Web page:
Hotline, but hold the bling: Creating an engaging hotline poster.

Hotline, but hold the bling: Creating an engaging hotline poster.

July 23, 2020 3:00:00 AM CDT / by Broadcat

Apologies to Drake, but the best hotline posters are the ones that keep it simple. The less bling, the better.

Drake hotline poster pictureAn effective hotline poster empowers your colleagues to follow their conscience. People want to do the right thing, and as ethics and compliance professionals, it's our job to help them. And it may be counterintuitive, but the best way to do that is through minimalist design and limited information.

Hear us out.

 

1. Clutter is your enemy.

Honesty check: How many of us actually read the notices on the breakroom bulletin board? 😬

Exactly. Those things are notoriously cluttered, ill-designed, and hidden away in some dark corner of the room ...

... And, if you're not in control of placement, that's exactly where the hotline poster is going to end up.

Debbie Downer giphyWhomp whomp.

If it’s a challenge to get people to see your poster—much less read it—you have to make it eye-catching:

* If the break room bulletin board is a seizure-inducing collection of multicolor papers, try one large monochromatic poster.

* Is it a bunch of OSHA/EEOC/etc. bulletins with the requisite red, white, and blue color scheme? Try some neon accents (just don’t go full ‘80s—unless that's your brand, of course).

If you do have the option of selecting the location of your poster, make sure it’s a) in a prominent area that people see every day, and b) well-designed, so that folks don’t mind seeing it every day.

And speaking of things you don’t want to see every day …

 

2. Stock photos are boring.

Nothing says, "I don't care" quite like a sad stock photo or a cheesy inspirational poster. You're trying to engage people's humanity, not make them roll their eyes. As we say at Broadcat, the problem employees have with "corporate compliance" isn't the "compliance" part—it's the "corporate" part.

Celebrity stock photoDon't let celebrities fool you: An ironic stock photo is still a stock photo.

Hotline posters exist because we care about our colleagues and our companies, as well as the customers and clients we serve. So pick images that indicate that you're trying, not phoning it in.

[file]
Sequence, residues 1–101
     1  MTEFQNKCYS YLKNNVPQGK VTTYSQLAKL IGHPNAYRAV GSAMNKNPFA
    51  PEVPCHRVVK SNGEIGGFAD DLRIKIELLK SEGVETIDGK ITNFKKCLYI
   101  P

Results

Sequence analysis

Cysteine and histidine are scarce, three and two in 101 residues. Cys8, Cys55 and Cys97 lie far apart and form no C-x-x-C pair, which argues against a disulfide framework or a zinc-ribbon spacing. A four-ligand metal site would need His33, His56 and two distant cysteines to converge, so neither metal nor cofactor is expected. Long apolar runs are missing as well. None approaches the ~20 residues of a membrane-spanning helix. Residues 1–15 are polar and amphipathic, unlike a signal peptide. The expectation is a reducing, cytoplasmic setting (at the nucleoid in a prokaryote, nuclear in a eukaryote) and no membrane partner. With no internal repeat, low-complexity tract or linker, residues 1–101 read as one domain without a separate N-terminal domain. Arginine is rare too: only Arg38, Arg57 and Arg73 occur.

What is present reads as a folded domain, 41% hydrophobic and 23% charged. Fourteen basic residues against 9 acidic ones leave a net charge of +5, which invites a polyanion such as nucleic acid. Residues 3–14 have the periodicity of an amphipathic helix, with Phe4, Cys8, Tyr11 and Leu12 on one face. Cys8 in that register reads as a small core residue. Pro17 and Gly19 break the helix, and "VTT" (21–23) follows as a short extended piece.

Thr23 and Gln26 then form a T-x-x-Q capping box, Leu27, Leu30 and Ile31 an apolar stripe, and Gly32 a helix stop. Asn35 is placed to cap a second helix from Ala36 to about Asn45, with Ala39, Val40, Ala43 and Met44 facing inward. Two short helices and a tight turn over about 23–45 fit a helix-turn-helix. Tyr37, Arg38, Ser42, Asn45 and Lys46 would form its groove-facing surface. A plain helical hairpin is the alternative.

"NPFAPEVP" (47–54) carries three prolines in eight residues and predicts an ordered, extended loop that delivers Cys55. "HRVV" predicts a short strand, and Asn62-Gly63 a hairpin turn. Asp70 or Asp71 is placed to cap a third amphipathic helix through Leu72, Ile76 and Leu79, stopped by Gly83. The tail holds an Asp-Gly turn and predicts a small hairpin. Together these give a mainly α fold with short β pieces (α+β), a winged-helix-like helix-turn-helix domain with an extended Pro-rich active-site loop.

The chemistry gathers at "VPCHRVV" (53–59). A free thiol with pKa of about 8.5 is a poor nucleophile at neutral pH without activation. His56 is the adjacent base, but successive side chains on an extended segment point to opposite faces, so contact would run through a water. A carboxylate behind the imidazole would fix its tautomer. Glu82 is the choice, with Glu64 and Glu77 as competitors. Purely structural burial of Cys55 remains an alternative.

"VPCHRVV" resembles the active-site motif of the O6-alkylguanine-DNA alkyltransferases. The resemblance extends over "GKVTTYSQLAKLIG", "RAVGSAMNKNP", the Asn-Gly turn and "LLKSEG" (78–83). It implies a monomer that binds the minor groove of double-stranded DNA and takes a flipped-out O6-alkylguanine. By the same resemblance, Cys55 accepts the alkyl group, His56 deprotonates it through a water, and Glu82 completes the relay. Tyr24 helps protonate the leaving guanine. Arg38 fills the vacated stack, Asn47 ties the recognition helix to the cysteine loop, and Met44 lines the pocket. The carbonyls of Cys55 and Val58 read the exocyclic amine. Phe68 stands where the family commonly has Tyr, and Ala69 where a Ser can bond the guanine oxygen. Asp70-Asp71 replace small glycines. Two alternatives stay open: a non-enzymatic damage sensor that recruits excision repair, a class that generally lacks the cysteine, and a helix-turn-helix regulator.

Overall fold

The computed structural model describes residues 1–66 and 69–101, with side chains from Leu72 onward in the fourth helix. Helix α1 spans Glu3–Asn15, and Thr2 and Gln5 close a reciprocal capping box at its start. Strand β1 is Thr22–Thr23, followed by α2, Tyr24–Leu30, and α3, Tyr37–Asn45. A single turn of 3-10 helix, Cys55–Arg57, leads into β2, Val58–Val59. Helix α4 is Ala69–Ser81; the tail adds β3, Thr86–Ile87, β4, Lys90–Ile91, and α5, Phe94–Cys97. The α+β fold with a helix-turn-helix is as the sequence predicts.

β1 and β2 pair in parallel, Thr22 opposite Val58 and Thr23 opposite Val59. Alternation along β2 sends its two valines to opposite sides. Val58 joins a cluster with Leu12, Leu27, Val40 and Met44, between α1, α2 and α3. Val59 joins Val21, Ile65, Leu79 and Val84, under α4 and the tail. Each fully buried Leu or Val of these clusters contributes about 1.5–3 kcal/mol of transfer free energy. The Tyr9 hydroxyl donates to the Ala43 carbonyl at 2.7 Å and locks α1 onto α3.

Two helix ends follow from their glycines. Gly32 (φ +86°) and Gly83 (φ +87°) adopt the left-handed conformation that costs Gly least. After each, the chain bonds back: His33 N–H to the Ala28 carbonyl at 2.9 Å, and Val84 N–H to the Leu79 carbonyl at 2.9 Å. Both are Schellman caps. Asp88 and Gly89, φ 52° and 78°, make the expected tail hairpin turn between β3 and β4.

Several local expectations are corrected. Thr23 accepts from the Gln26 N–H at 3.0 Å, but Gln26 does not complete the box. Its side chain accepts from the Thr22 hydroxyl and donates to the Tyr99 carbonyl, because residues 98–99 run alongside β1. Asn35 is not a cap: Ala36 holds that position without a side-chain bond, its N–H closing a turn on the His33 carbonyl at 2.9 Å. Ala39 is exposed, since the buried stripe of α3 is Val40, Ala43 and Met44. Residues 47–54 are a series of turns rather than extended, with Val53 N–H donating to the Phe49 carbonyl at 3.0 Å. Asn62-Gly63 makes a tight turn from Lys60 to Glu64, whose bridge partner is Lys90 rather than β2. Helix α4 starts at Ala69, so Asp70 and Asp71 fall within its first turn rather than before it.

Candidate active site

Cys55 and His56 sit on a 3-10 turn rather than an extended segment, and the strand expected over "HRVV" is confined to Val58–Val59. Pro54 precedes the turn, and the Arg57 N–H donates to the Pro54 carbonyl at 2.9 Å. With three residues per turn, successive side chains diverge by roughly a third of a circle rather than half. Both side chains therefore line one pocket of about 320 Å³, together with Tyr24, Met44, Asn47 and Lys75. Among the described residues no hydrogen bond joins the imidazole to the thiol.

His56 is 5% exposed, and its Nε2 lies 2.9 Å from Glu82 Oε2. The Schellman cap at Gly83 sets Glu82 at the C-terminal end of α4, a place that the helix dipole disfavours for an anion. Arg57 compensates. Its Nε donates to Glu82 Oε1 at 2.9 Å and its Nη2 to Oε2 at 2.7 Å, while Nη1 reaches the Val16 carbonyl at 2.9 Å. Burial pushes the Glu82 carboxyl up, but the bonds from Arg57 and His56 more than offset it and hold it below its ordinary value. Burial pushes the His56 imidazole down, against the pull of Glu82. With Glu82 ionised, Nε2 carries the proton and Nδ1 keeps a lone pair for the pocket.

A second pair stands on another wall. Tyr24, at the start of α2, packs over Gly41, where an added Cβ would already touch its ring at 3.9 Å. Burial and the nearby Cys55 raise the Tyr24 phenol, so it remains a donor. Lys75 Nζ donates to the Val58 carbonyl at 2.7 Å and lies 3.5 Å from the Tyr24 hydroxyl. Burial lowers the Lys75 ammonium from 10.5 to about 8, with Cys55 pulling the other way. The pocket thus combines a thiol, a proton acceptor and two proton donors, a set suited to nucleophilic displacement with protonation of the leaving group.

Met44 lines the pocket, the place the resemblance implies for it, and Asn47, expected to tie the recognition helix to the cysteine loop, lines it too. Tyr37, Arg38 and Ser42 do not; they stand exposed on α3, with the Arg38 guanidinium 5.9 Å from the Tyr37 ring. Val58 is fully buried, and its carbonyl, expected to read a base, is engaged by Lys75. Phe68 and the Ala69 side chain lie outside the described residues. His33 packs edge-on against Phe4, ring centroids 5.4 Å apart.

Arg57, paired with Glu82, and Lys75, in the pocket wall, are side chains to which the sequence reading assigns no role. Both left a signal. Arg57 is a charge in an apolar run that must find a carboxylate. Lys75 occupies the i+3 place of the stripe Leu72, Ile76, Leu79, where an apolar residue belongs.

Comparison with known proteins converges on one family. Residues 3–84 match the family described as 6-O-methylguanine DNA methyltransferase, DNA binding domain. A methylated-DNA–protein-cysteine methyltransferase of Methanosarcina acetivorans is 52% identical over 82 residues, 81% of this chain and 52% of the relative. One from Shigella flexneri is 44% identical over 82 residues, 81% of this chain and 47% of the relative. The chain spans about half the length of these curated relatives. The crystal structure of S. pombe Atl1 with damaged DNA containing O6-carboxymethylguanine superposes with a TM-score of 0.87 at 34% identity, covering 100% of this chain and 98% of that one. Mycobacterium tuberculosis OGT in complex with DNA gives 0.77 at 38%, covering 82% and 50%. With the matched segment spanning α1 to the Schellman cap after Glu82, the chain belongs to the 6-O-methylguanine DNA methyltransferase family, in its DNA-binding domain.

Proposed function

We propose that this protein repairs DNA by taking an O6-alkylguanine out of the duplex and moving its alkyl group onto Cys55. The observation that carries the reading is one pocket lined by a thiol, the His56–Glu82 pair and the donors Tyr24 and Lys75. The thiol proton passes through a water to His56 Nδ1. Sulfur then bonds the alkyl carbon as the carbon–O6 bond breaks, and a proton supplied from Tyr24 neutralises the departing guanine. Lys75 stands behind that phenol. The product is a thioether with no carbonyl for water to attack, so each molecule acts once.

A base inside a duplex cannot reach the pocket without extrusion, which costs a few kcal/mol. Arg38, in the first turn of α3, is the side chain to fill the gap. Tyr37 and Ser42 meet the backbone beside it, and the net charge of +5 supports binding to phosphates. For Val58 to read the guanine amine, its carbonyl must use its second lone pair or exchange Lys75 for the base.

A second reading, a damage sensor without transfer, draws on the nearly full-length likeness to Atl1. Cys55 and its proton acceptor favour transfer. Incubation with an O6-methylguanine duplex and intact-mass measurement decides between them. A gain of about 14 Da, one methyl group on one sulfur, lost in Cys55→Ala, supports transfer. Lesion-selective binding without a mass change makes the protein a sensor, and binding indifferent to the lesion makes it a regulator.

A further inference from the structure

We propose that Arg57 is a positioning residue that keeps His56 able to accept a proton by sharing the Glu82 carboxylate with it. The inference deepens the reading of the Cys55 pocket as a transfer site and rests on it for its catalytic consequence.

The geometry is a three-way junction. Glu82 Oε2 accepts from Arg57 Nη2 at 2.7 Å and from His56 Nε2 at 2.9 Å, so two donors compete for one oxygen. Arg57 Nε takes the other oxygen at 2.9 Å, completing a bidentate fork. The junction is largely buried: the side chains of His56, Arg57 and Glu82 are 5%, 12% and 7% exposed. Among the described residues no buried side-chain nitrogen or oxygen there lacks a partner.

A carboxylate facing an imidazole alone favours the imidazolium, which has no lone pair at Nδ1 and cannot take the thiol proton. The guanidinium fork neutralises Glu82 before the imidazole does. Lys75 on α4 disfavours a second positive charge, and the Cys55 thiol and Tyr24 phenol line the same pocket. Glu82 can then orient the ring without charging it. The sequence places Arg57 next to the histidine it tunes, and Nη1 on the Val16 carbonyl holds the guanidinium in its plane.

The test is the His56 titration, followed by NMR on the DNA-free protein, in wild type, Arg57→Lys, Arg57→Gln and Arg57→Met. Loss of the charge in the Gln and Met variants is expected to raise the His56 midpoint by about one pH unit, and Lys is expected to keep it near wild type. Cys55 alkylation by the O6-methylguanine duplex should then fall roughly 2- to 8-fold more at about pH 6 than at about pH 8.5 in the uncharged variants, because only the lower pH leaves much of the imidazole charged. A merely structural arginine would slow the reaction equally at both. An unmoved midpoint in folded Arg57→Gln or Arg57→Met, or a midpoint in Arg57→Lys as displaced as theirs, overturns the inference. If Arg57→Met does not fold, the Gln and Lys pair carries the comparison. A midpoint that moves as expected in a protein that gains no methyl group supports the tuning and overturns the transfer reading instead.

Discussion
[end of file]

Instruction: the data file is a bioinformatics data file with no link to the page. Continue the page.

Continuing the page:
Can that be a stock photo? Yeah, of course. There are some really good ones out there; just be mindful when selecting which ones to use. Alternatively, opt for a simple abstract design to avoid photography altogether. We've got some free versions that make it super easy—go try 'em out.

 

3. Your audience is the real MVP. Treat them that way.

Raise your hand if you like to feel threatened at work. 🙋

Yeah, that’s what we thought. Generally speaking, the folks you work with are a) responsible and b) want to do a good job. They’ll be discouraged if a hotline poster sounds threatening or negative, so make it approachable—even aspirational. You want to encourage reporting, not bully people into silence.

So when you're starting to create your hotline poster, ask yourself two questions: 1) What outcome am I trying to accomplish, and 2) What emotion should I evoke to accomplish it? With those questions in mind, you’re ready to develop your messaging, including the images you use.

So, for instance, if you want to empower and reassure folks as they report compliance issues, don’t opt for “Compliance concerns affect all of us because they endanger the health of the company” with a giant picture of your corporate headquarters behind it.  That’s a bit unsettling and pretty darn corporate-speak, right? Instead, try: “If you have an ethics or compliance concern, speak up—we’re listening.” We've got lots of hotline posters and screensavers like this in Compliance Design Club.

 

4. You don't get bonus points for the number of country codes you include.

One of the worst design offenses for hotline posters is that they tend to be an informational dumping ground. Unless you’re working at the U.N., there’s no reason to overwhelm your readers with contact details and translations that aren't relevant.

Don’t make your audience do the work of wading through content—they’re already stressed enough about reporting an issue! The last thing you want to do is cause analysis paralysis and have a major problem go unreported. So make it as easy as possible to reach out: only include one phone number for your hotline on your poster.

How do you do that when you're a multinational company with different hotline numbers for each country?

Simple: Rather than creating a one-size-fits-all poster with 20 numbers listed, create a single well-designed version that's editable. Your individual markets can then update it for their particular location—easy peasy!

 

5. TL;DR: here's a chart!

You know how we at Broadcat feel about charts. This seemed like an appropriate time to use one!

summary chart of how to create a hotline poster

Want to see what editable hotline posters look like and how easy they are to edit? Look what we've got for you!

hotline blingTake me to the free posters!

Broadcat

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Broadcat